Ten-year-old to take on Braidwood Cup challenge after surprise victory
Bernie Fraser watching Magpie Speak. Photo: Glen McCurtayne
FOLLOWING Magpie Speak's surprise win at Thoroughbred Park on Friday, trainer Bernie Fraser has confirmed the veteran galloper will contest the Braidwood Cup this Saturday.
The 10-year-old was sent into retirement last year following a successful career that included eight race wins, but Fraser has opted to bring him back for one last campaign.
“He was missing the racing side so I thought, 'Bugger it, I'll send him back for the Braidwood Cup',” the trainer said.
Magpie Speak contested last year's Braidwood Cup (1350m) for the first time to finish third, three lengths off the winner, Sebony.
Twelve months on, the son of Singspiel has his trainer confident of a strong showing in Saturday's $14,500 country race following his winning performance at Canberra on Friday.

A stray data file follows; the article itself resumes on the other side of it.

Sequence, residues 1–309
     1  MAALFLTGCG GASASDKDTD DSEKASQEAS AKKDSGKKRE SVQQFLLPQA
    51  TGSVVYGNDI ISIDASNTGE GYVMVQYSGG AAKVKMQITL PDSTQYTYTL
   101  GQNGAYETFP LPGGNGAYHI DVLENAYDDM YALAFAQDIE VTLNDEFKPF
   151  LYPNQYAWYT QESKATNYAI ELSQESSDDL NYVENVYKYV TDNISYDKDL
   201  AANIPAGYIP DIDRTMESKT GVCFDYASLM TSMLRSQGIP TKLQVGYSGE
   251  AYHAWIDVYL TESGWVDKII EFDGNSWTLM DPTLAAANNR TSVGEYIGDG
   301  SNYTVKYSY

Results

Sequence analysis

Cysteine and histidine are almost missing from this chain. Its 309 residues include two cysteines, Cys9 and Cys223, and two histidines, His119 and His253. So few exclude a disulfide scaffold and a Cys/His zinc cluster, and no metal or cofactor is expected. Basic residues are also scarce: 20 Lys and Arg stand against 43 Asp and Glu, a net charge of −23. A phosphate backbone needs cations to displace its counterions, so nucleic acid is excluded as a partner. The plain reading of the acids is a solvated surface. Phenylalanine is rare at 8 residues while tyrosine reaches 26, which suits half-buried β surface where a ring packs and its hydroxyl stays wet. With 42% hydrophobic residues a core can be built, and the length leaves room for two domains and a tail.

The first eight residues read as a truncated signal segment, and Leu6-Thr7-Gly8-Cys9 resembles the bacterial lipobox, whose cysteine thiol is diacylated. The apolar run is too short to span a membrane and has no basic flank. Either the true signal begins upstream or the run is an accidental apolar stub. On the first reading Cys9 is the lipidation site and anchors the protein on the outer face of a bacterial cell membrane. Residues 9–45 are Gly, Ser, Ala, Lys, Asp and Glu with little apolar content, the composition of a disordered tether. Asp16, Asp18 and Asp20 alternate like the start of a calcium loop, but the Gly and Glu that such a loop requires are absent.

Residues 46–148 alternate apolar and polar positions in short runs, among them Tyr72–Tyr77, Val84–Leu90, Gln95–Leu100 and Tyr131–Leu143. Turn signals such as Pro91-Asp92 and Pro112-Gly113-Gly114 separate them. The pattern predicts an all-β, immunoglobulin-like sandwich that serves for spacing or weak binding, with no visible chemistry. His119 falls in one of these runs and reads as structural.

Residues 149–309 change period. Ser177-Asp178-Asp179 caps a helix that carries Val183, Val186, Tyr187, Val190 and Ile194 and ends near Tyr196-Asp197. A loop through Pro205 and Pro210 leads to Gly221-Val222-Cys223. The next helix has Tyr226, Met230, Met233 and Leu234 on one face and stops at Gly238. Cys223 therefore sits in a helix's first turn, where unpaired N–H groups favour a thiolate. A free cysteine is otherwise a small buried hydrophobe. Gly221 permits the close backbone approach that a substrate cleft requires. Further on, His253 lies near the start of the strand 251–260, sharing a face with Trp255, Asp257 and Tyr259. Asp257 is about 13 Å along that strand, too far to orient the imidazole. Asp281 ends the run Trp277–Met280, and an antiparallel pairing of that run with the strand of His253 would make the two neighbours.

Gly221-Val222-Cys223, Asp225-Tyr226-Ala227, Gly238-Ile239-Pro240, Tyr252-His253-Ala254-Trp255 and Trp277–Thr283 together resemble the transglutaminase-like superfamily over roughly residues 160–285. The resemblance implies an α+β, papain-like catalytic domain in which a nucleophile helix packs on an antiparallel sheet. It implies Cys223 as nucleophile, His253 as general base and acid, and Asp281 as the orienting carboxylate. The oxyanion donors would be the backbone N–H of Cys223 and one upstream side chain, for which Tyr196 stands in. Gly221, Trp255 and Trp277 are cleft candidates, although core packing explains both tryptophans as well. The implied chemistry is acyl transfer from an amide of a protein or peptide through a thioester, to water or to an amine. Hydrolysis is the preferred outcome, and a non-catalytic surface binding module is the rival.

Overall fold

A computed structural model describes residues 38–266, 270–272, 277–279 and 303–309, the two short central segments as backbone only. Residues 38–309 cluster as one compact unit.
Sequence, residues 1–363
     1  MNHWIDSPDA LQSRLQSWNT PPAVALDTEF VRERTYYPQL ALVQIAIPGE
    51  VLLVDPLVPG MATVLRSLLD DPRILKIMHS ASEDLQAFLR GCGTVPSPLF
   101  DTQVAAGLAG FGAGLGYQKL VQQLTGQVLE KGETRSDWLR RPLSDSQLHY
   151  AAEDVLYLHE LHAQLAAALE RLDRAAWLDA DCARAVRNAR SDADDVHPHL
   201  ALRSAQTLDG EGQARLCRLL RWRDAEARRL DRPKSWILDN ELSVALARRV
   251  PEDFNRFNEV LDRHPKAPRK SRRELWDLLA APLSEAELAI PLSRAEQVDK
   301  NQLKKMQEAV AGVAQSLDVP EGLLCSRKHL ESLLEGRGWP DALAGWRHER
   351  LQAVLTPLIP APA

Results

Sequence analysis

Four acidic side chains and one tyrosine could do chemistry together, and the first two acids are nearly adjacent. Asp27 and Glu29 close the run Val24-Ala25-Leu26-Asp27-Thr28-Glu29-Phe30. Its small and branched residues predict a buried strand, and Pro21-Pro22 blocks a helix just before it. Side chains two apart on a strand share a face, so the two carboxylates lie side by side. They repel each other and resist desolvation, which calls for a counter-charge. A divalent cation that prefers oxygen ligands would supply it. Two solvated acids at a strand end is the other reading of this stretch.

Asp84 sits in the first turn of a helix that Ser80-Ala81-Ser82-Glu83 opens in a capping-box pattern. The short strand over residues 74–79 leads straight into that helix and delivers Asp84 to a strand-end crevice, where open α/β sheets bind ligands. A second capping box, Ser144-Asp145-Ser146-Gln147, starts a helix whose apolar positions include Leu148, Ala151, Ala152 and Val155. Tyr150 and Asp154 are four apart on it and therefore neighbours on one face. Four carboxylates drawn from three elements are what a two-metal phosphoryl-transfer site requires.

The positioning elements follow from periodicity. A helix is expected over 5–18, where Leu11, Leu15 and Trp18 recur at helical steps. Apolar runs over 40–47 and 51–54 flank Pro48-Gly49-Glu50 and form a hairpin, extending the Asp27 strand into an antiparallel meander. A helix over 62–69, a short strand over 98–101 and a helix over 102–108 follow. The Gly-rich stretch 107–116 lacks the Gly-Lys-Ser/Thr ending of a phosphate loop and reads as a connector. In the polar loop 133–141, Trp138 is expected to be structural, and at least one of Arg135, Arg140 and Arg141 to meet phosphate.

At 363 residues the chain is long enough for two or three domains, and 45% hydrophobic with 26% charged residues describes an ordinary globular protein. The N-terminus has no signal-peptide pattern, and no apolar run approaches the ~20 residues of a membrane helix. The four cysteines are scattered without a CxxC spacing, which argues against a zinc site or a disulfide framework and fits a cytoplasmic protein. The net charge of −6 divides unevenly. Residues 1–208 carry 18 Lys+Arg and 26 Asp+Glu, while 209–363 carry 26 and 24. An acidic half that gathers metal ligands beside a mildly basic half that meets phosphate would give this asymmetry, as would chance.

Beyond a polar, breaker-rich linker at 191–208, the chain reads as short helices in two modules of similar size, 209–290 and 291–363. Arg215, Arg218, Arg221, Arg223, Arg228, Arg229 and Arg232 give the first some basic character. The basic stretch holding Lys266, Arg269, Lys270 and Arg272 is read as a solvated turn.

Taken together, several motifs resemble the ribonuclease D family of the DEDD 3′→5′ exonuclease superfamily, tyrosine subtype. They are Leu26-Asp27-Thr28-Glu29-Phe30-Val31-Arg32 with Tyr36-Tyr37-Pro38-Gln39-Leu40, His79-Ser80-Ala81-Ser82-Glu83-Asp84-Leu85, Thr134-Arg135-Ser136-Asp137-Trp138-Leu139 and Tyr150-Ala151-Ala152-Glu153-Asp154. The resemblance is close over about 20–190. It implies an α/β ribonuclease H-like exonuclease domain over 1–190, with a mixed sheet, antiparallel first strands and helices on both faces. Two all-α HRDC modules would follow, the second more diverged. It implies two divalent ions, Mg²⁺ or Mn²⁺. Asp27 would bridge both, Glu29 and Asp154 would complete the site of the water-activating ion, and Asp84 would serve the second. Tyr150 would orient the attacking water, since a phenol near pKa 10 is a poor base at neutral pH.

“It was supposed to just be a nice lead-up race for the Braidwood Cup, but he sort of exceeded himself,” Fraser said.
The punters were not too keen on Magpie Speak leading into his last-start win, which was justifiable given his poor first run back from retirement two weeks prior.
On that occasion, he finished several lengths off the winner in 12th place, but Fraser said the horse had excuses for his below-par performance, given the jockey lost his irons coming out of the barriers.
In a field of nine in Friday's race, Magpie Speak was the outsider at $21, while all the other runners were at no more than 10-1.
However, the 10-year-old silenced his doubters, and turned back the clock to register a comfortable 1�-length win in the MPS Recruitment Benchmark 60 Handicap (1400m).
Michael Travers steered Magpie Speak to his second-up victory, avoiding an incident at the start of the race, when Stacey Rawiller was dislodged from her mount, to beat home the Kerri Kulic-trained Mr Fox.
Fraser was full of praise for his 10-year-old galloper, which he has bred, raced and even seen take part in a different sport during his hiatus from racing.
“I sold him last year to someone who was going to make an eventing horse of him,” Fraser said.
“He would make a great eventing and dressage sort of horse, but it didn't work out with them for one reason or another.
“I bought him back, put him in the paddock and let him settle down and enjoy life, but he kept looking over the fence at the other horses going around.
“He was still missing the racing side.”